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The Hon Peter Dutton MP
Minister for Defence
Defence Media: firstname.lastname@example.org
1 April 2022
We're joined by Defence Minister Peter Dutton, who is in Brisbane, and Deputy Opposition Leader Richard Marles in Canberra. Nice to see you both this Friday morning. Richard, some big promises last night. How are you going to pay for it?
Well, it is a very big commitment in relation to aged care, but it needs to be Ally. I mean, we've been talking a lot – you've been talking a lot, actually, on this show rightly over the last few years – about the real problems that there have been in aged care.
And when you think about, you know, the interim report of the royal commission which was titled with just one word – and that's "Neglect" – it as I say everything about the fact that dignity, which is the one thing we would all hope is provided in aged care and in our final years, is not being provided by this government.
So we'll have all our policy – this policy is costed. We'll have all our policies and our costings put out before the election, but this is very much one of the biggest commitments we'll be making in the lead-up to the next election. It needs to be a priority, and we simply have to do something about aged care.
Look, I think people are going to want to know, you know, where the money's going to come from, is this going to mean higher taxes?
But also one of the promises that was made was that there would be a nurse on site at every aged-care home 24 hours a day. I mean we've already got a shortage of nurses in this country. Where are you going to find them?
Well first, it's not going to mean higher taxes. As I say, we will be putting all our costings out before the next election. But this needs to be a priority.
This government has failed to provide dignity to people in their final years and that's what we need to have within our aged-care system. And yes, we've got to be making sure that we are training nurses so that there are the adequate number of people to be there.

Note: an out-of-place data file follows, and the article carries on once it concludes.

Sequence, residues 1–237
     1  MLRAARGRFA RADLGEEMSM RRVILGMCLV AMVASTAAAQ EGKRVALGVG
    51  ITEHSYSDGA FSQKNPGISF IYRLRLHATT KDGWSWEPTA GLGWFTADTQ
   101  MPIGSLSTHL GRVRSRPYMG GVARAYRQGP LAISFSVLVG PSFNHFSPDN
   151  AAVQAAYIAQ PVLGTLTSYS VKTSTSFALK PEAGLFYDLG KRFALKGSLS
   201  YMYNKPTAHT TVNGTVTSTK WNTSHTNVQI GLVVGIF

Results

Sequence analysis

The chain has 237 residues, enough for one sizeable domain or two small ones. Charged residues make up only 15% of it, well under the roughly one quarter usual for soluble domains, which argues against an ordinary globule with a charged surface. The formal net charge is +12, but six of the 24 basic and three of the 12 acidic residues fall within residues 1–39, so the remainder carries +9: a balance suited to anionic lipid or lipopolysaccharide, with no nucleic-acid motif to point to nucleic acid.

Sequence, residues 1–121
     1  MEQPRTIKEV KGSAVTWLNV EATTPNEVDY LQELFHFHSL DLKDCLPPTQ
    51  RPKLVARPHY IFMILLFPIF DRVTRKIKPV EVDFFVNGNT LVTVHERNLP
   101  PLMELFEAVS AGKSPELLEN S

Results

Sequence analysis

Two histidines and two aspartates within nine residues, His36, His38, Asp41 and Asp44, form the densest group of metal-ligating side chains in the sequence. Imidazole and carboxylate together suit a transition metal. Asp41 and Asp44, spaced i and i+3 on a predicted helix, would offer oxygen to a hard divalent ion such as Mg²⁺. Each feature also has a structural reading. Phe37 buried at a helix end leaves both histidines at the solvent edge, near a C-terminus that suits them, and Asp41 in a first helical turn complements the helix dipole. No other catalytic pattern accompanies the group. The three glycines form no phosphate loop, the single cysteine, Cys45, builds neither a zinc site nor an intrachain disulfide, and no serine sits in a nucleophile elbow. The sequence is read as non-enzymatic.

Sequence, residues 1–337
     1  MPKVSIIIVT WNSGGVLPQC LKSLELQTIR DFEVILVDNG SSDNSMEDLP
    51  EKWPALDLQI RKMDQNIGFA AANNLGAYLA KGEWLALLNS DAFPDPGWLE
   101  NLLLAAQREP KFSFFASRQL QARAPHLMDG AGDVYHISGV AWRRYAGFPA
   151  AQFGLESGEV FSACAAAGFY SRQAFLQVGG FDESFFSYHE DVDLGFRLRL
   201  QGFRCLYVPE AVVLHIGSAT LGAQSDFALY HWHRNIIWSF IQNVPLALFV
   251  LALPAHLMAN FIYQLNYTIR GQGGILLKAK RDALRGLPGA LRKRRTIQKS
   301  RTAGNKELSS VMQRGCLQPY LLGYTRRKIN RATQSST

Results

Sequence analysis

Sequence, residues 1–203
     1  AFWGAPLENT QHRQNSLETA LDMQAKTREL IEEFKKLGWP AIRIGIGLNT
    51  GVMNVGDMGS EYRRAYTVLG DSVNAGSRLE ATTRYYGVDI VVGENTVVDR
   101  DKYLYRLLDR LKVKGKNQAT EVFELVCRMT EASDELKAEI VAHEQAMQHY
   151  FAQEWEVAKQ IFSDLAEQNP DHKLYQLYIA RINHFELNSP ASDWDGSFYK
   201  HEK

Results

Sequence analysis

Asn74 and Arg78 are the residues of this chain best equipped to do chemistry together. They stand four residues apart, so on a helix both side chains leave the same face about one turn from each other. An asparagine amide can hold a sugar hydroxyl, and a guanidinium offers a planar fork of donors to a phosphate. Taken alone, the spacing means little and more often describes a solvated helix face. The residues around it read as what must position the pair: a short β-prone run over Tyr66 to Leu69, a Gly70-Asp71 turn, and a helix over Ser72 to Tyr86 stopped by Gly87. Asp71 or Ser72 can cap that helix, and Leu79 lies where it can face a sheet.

But it's unacceptable to have a situation where there isn't a registered nurse in every residential aged-care setting and that's what we're saying should happen. Nurses should be paid more, there should be more contact hours, people should be provided with better food. These are just the basics to make sure that in their final years people have dignity, and dignity is what this government has failed to provide.
Peter, it will win votes.
Morning Ally. Well look, it was nothing more than a thought bubble last night, as you've just seen from Richard. They don't know how much it's going to cost, they don't know where the staff are going to come from; they certainly don't know how they're going to pay for it.
As Jim Chalmers, the alternative treasurer, said during the week they're “flexible” when it comes to taxation. Which means that you won't know before the election what they're going to tax, what tax will go up. But I promise you this – under a Labor government they will tax more and it will be your family and your business that get hit.
In terms of aged care, in 2012-13 when Labor was last in government they spent about $13 billion a year on aged care. This year we'll spend just over $30 billion. And a lot more to be done; yes, but you can only do that if you manage the economy, manage the budget well.
We've gone through probably the biggest shock to our economy since the Great Depression and our country's been through an enormous amount over the last couple of years, but we've got unemployment down to four per cent – the equal lowest in 48 years – and we've been able to, I think, turn the budget around in a remarkable way that we haven't seen in 70 years – we're growing stronger than almost any other country in the world.
So I don't know why you'd want to put that at risk with this thought bubble that Anthony Albanese sort of floated out last night. He mentioned himself 50 times – I suppose that doesn't cost anything – but it's not talking about the matters that are facing our country at the moment.
Look, I think people have sort of watched what's happened over the last week and I think people believe there's not a whole lot of difference in what Labor and the Coalition are offering going into this election. And so a lot believe this is going to be an election based on character. It's something that Labor is certainly pushing for and want. Peter, do you have a problem when those within your own party don't really like the Prime Minister?